|Retirement Talk for Boomers, Seniors, and Retirees|
Episode 036 We Shall Overcome
Life is often unfair but we can
speak up and take action when injustice occurs. I felt a bit like Rosa Parks
being asked to move to the rear of the bus. Was her refusal a conscious act on
her part or an unconscious rebellion? Did she ask if it was worth it to
struggle over such a minor annoyance? That was always the way it had been done
Doctor’s offices are filled with older, retired people with many problems. We hobble into the appropriately named waiting room and begin to wait after being publicly quizzed about our ailments and other personal information by the clerk behind the glass. At least on the bus you don’t have to give name, date of birth and symptoms.
Then the moment I’ve been waiting for. “Richard” (pause) “Richard”. She starts to turn and I say, “I’m Mr. Smith”. She says, “I was only trying to be friendly”. I explained that old people used to be called by their last name as an indication of respect. A sour smile conveyed the sentiment, “Get over it”.
I have gotten over it. I moved to the back of the bus. No one arrived to support my protest. The other old folks were grateful to be spared her smile. The offense is mine not hers. No Martin Luther King jr. came to my support but I have not given up. I am hoping to call attention to a common problem. The issue is human dignity and professionalism.
Individually I have great respect for each of my caregivers but the system seems unfriendly and inefficient. It appears to be organized to maximize the sale of the product and to collect the fees. The parts of this vast system are separate and privately owned, impenetrable to the old and sick.
I don’t mind being a client. My attorney treats me with respect, even deference. At church, I am a member and the minister is polite to me. The clerk at the store says, “Thank you Mr. Smith”. I am a customer or consumer. I wish I were so highly regarded at the hospital. I don’t know the origin of the word patient. I am growing more impatient with every treatment contact. No doubt, that is some kind of displacement of anger at the decline of my health but I don’t think I am alone in feeling disrespect.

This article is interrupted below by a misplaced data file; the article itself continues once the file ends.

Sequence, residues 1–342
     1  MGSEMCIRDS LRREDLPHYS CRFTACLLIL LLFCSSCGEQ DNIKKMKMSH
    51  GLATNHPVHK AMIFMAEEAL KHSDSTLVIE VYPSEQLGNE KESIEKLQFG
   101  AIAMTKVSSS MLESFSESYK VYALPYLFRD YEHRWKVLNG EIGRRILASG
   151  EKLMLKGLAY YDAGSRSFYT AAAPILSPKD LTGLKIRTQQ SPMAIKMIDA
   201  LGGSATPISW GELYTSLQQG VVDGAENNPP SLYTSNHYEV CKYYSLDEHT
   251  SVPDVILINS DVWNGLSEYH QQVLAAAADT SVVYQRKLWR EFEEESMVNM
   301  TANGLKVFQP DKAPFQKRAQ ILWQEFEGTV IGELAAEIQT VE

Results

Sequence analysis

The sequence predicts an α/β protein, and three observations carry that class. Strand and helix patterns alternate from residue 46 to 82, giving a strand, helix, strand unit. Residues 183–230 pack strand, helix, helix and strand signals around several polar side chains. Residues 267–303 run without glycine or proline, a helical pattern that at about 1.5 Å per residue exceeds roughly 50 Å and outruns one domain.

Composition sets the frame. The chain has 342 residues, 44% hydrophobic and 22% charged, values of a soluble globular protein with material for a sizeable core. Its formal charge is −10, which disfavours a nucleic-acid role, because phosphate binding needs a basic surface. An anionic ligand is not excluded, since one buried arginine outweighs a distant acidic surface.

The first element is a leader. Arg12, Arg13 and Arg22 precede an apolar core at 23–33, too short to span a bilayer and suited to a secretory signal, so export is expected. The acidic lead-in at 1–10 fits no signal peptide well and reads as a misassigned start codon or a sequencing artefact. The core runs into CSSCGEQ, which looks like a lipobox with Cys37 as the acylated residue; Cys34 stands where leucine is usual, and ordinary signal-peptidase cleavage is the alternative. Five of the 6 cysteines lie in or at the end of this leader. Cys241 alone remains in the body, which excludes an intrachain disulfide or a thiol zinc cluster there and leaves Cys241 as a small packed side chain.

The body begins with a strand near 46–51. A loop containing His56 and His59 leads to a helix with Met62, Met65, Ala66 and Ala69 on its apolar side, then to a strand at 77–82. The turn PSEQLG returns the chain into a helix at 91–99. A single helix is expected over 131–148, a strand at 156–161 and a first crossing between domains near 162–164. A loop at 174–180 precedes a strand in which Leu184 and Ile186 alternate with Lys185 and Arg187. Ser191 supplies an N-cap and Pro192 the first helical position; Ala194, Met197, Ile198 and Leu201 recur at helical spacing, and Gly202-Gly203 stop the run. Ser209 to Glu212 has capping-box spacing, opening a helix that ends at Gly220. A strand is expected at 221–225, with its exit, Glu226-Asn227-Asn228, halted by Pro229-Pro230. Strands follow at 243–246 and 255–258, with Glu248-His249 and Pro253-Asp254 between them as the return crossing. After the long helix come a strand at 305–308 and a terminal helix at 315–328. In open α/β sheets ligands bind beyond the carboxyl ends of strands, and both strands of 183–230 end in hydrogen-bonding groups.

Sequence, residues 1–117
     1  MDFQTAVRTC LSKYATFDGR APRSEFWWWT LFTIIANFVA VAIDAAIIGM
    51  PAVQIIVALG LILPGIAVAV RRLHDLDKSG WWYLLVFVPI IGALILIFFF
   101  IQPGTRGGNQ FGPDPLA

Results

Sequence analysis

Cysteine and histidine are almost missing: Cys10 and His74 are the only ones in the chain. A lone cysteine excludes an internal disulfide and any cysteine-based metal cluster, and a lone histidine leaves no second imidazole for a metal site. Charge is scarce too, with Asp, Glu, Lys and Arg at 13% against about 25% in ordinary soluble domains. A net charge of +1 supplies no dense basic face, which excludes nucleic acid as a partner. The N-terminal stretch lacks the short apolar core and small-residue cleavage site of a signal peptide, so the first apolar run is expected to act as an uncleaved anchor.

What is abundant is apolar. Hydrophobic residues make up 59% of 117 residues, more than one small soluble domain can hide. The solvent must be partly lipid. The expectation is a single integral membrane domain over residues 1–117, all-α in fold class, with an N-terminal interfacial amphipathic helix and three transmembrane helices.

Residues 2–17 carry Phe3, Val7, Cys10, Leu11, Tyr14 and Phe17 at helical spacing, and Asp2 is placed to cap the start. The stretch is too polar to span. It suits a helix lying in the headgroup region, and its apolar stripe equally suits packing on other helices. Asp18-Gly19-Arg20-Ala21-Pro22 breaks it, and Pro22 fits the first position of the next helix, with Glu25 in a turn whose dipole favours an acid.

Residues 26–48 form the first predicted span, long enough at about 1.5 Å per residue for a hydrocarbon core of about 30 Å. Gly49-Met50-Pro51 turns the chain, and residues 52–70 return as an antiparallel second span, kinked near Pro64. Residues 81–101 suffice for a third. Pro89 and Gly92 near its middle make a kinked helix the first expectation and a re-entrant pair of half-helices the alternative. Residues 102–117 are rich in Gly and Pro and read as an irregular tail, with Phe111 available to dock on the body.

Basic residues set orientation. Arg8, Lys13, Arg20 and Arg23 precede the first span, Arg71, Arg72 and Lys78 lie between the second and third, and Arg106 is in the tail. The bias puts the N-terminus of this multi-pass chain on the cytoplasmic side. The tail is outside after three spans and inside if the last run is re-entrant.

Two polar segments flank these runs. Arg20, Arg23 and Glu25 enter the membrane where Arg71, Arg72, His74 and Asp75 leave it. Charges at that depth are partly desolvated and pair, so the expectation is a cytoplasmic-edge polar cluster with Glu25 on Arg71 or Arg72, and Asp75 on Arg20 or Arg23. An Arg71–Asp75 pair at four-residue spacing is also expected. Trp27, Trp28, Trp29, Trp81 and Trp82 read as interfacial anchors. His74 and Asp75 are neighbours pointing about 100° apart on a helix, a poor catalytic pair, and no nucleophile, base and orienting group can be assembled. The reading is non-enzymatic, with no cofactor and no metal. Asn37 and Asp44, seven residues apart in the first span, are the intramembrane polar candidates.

Patients are usually advised to
take an active part in treatment decisions.
I questioned why my social security number was written on a form readily
available to all staff. I was told that Medicare required it. I asked what
provision was made for privacy and was told, “You’ve got an attitude”. I must admit that I do. I am aware of
identity theft and don’t want to be a victim. I meekly withdrew but the
resentment accumulated as it may have with Rosa Parks on that bus. I decided to
find someone who would understand my discomfort.
There seems to be no centralized complaint department. Telephone calls are answered by asking me to press one for English language then on through a long menu of options. When I get through it is to an office that does not deal with complaints and does not know who does. When I did get a name, I left a message that was not returned. It took more than a dozen telephone calls, but I did finally speak with someone who promised to investigate and call me back.
I hope that others will speak up to protect our dignity when confronted by the power of the health care establishment. Retired people know that they are no longer an essential part of society. We consume a large part of health services only to become increasingly disabled. Still, we were once as vital as those who treat us, those who in turn will decline and eventually fail.
We are caught in a complex machine. You and I can create a dignified place for all citizens in this system. Infantilizing consumers serves no useful purpose. Customer satisfaction should be a priority of any business. Some assurance that privacy is a concern is not too much to ask.
I'm Dick Smith